Marijuana and Its Taxes

NSTPInternal Revenue Service (IRS)

Marijuana and Its Taxes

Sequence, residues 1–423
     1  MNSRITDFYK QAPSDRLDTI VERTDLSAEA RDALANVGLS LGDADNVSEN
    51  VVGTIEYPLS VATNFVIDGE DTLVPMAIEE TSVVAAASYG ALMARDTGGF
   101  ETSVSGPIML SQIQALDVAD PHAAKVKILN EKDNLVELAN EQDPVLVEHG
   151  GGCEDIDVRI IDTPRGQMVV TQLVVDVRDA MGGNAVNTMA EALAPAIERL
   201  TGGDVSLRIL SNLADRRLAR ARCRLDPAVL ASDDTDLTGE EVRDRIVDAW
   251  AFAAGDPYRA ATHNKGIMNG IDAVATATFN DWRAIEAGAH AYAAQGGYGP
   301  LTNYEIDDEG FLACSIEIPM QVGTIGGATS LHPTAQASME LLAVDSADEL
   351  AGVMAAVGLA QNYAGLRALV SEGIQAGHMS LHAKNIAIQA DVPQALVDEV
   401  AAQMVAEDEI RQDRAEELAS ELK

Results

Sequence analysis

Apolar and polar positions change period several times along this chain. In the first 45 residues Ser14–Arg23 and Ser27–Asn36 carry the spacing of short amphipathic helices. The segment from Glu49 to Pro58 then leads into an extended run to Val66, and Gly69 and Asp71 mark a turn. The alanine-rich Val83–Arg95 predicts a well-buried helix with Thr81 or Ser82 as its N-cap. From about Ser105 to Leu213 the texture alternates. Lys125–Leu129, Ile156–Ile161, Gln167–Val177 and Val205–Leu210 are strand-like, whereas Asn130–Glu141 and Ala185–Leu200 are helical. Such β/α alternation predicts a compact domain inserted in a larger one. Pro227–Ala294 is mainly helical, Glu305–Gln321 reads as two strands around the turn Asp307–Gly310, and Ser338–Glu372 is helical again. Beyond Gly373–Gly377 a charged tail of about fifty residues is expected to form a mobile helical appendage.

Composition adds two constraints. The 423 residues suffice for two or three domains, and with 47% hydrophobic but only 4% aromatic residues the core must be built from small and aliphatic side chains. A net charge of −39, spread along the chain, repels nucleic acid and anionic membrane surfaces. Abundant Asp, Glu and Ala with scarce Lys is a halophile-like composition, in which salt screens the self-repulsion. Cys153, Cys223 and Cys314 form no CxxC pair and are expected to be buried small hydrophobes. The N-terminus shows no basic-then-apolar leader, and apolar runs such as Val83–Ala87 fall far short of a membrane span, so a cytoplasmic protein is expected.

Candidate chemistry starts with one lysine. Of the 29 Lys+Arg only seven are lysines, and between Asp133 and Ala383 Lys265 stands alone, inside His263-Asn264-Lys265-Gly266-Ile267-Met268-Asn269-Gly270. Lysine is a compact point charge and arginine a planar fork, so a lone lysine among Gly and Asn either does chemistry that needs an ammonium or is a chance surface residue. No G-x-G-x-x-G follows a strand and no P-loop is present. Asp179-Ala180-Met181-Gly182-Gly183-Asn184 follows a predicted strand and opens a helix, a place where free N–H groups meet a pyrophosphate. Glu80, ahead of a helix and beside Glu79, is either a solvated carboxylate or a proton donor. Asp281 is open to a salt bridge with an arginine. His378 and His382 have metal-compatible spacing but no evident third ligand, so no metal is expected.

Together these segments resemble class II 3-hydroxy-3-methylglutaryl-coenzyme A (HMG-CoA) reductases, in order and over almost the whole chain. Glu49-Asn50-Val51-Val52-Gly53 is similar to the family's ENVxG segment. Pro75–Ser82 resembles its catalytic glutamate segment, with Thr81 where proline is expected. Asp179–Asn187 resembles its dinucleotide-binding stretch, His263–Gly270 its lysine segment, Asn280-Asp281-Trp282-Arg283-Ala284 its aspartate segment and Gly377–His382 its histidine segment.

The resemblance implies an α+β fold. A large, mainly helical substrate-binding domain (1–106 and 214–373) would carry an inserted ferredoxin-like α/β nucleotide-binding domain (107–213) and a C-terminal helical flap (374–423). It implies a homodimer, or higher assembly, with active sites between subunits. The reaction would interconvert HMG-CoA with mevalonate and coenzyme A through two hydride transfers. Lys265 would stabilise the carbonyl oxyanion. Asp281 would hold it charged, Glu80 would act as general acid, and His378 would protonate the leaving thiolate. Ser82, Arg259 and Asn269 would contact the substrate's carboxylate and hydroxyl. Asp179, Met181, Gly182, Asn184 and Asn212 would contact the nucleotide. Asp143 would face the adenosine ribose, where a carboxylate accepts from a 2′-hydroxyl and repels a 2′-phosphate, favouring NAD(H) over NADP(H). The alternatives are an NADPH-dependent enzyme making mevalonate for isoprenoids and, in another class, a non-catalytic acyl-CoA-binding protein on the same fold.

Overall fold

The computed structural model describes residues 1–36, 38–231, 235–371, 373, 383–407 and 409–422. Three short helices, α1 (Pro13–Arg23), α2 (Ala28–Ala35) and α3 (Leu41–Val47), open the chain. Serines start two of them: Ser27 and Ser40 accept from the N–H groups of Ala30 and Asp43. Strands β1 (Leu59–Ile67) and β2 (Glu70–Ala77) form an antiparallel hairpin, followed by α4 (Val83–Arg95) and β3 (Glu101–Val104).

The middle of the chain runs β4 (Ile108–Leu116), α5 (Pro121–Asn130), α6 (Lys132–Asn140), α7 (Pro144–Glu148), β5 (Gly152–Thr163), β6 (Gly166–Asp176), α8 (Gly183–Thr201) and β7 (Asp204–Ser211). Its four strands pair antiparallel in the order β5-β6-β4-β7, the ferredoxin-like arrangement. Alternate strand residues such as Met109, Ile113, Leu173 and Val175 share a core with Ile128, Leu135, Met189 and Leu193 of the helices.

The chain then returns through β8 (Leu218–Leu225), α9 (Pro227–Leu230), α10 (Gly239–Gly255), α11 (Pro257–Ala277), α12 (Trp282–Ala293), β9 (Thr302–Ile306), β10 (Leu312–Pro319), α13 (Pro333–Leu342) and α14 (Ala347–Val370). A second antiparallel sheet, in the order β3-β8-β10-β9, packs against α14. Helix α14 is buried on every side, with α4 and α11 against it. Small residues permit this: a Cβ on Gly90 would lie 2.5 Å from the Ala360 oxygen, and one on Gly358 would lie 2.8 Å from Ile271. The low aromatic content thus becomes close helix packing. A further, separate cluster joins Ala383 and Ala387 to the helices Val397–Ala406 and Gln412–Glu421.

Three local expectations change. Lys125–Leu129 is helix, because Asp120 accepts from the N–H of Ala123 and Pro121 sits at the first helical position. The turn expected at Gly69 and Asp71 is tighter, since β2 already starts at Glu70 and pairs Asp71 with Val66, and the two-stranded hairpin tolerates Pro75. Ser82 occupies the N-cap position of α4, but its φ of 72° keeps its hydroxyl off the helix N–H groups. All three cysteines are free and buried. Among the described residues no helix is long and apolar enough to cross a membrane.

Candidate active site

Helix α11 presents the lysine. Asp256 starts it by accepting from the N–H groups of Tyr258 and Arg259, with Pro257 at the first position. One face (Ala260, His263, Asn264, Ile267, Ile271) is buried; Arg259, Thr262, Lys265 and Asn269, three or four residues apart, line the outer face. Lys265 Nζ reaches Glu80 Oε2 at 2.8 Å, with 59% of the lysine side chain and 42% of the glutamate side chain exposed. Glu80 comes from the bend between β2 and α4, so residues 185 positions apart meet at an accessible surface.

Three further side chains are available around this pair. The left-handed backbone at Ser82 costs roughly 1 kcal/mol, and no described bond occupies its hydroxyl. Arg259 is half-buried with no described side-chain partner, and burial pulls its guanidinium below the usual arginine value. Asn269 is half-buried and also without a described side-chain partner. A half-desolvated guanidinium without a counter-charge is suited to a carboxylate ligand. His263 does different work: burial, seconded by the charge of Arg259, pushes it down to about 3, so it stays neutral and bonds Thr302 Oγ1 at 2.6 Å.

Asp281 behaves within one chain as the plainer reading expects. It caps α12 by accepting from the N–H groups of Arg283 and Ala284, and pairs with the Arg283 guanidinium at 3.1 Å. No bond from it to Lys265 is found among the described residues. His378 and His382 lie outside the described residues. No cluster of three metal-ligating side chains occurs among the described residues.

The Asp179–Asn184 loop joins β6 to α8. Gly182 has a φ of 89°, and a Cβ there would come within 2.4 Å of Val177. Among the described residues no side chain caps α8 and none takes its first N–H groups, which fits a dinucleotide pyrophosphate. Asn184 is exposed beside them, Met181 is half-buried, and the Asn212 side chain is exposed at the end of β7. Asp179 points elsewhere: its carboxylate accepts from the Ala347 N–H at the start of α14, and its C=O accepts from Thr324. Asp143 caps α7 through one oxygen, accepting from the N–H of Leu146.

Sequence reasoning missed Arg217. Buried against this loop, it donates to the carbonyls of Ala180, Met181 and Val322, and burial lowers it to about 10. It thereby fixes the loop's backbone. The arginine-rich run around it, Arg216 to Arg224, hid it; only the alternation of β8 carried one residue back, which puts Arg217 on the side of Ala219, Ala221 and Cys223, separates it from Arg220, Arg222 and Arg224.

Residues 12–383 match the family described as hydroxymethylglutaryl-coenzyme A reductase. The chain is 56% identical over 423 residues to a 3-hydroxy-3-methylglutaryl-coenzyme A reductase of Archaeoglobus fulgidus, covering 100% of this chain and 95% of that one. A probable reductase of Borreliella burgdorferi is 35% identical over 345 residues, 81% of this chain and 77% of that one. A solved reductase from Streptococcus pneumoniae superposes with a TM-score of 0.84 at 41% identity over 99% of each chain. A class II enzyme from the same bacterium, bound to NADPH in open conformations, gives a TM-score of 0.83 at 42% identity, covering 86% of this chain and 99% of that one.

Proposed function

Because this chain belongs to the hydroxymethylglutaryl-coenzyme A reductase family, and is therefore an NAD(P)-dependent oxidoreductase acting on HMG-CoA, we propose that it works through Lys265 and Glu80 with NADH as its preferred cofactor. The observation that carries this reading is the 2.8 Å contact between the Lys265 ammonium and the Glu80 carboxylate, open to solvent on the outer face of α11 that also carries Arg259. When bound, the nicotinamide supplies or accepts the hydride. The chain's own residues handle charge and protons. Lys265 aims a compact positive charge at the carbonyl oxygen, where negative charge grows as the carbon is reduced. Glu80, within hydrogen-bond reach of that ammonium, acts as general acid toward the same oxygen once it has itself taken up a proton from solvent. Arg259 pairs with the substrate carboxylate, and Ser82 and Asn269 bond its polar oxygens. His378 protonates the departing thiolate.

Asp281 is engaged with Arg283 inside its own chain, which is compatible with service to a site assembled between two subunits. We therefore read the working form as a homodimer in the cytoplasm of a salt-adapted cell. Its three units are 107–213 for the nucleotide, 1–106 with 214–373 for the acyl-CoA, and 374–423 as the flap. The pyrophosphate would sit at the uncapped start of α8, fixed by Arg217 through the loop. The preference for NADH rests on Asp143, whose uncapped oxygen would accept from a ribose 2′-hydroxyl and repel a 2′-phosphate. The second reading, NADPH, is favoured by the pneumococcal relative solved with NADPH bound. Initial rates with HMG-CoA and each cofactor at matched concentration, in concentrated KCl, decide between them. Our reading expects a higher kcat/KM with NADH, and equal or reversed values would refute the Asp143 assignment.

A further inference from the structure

Marijuana and taxes are discussed in a new report from Leafly that looks at some of the weed-related taxes. There are 34 states where marijuana use is OK with a doctor’s prescription and 10 (plus Washington, D.C.) where personal pot smoking for fun is allowed. The cannabis information resource website says that while in the 11 jurisdictions that have legalized recreational use of pot, only seven currently tax and regulate revenue-producing pot stores. What is all that money used for? Those taxes, which typically are 10 percent to 37 percent on top of local sales taxes, go toward such government programs as school construction, drug abuse prevention programs and medical research. Leafly said that it supports jobs in school construction, drug abuse programs and medical research, among other areas. Aurora in Colorado is a notable example of pot money put to good use with the municipality using $900,000 to open a space for individuals experiencing homelessness. The Aurora Day Resource Center was developed in an old police department gym and it is aimed to give homeless people a place to go during the day while providing access to basic services. Pueblo in Colorado was using marijuana tax revenue to fund scholarships for underprivileged students last year. Leafly says Washington State is the biggest pot tax winner, collecting an estimated $319 million in 2018. California is close behind, with an estimated $300 million in 2018 pot-related tax revenue.